Saturday, December 20, 2008

Racism part II

A couple of years ago, I went to the States. Whilst there, we went to a college American Football game. I've always liked American Football. It's like rugby without the mud. I've always wanted to go to a proper game, and not having enough money to see an NFL game, I found out about a big college game in the Atlanta stadium that only cost $20.

The game started at 2pm, but the ticket office opened at 10am, so we were there waiting in line (well, actually first in line) at 8.30am to make sure we could buy our tickets.

We were quite happily chatting with people as they turned up to buy tickets. There was the student lawyer and her husband (I never found out what he did), the 19 year old just out of juvie for assault (his older brother was inside for attempted murder in the same attack), his girlfriend and her male "friend" (another assault coming up perhaps), and the middle aged mother of six. We whiled away a lovely hour chatting with all of them - they were obviously charmed by my british accent, politeness and dazzling wit (or it may just have been my good looks) - before buying the tickets and wandering off into the pre-game funfair and tailgate party.

And what a party! I couldn't see the edges of it. There were funfair rides, beer tents, barbecues and hog roasts, advertising stands for Ford, Chrysler, GM, all showing a number of cars, a recruitment stand for the US Army (and they tried very hard to recruit me - must be desperate), and lots of other marquees, tents, pick-ups and souvenir stands left, right and centre.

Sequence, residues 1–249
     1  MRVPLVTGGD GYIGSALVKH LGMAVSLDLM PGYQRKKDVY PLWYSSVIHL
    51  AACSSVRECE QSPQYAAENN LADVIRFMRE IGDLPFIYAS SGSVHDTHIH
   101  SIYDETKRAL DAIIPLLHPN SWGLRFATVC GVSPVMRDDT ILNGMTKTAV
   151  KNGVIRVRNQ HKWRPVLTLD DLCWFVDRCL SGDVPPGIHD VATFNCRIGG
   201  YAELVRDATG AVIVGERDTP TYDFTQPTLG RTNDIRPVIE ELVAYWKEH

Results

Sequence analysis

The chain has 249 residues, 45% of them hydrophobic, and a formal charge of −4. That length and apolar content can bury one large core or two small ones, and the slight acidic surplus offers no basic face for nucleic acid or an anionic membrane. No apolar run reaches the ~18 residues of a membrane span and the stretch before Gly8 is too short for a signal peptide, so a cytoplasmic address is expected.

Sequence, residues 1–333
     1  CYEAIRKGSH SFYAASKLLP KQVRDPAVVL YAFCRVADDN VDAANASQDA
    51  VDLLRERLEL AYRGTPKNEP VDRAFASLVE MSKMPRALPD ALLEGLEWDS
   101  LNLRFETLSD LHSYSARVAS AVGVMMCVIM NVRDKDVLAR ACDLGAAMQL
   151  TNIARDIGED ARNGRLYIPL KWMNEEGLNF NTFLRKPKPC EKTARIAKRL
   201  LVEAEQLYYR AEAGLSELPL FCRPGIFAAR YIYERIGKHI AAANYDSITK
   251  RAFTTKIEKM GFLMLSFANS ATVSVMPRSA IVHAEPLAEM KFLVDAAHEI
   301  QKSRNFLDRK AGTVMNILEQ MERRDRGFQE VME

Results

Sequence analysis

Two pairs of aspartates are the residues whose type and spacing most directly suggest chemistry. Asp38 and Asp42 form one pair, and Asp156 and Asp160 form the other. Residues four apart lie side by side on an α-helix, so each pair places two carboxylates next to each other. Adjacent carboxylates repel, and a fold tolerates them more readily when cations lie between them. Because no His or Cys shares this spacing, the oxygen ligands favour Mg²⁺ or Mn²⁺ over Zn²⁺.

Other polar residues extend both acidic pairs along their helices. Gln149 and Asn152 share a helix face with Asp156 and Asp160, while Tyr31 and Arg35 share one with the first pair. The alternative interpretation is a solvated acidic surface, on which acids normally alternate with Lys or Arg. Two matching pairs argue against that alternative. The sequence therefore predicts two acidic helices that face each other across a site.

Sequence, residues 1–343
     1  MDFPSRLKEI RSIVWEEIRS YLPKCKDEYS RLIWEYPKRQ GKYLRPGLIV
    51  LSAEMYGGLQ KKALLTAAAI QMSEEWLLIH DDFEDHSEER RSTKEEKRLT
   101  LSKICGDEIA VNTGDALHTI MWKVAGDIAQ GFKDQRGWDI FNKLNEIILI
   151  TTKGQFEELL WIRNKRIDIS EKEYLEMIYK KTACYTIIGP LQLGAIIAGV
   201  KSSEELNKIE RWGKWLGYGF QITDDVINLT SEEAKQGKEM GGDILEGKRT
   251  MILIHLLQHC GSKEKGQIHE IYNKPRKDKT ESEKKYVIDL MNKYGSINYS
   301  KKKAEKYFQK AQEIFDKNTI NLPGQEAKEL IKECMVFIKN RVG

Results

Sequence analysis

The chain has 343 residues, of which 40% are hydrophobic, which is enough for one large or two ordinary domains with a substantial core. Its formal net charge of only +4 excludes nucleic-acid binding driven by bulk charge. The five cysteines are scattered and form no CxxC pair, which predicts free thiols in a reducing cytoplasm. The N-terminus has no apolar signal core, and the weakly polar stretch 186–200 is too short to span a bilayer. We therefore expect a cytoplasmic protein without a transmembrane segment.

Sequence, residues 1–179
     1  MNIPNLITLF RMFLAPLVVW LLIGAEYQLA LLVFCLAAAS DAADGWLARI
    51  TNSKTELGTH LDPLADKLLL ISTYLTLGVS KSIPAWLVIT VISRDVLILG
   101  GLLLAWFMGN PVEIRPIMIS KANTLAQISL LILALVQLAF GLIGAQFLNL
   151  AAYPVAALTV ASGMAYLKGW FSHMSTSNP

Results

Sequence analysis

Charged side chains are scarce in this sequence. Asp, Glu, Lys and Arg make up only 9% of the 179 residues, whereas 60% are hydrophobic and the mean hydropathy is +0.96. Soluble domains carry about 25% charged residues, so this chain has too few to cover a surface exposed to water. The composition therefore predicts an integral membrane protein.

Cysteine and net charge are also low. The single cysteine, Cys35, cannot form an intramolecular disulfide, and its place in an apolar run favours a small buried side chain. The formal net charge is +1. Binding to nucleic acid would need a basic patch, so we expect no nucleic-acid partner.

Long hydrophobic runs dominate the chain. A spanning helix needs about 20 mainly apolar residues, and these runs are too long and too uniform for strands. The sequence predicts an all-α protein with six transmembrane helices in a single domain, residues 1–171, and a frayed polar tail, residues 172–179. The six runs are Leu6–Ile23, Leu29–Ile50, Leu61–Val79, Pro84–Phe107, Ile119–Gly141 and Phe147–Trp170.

We spent 4 hours wandering around all the stands, rides and beer tents before heading into the stadium itself. A bit of a sore point was that we weren't allowed to take our water bottle in with us. Its quite hot down in Atlanta, especially for someone far more suited to an English climate, so the loss of the water was a cruel blow. I would have to rehydrate with beer!

So we went in, found our seats and settled down for the pre-game show, battle of the bands, cheerleader show, and pre-game announcements.

And it was these announcements that triggered it. The game was being sponsored by the 100 black men of Atlanta, a title that I immediately thought would be too politically incorrect for the UK, followed immediately by the thought that actually, no, it wouldn't be un-PC, only the opposite would.

Then it hit me. I had spent the last five or six hours in a crowd of over 100,000 people, and only when it was virtually pointed out to me did I realise that we had the only two white faces in that crowd of 100,000 black people. Whats more, in a game dubbed the "Super Bowl of Black College Football" – a reference to its notoriety and attendance.

Not only do I not care about what colour people are, I don't even notice.

In what way does that make me racist?

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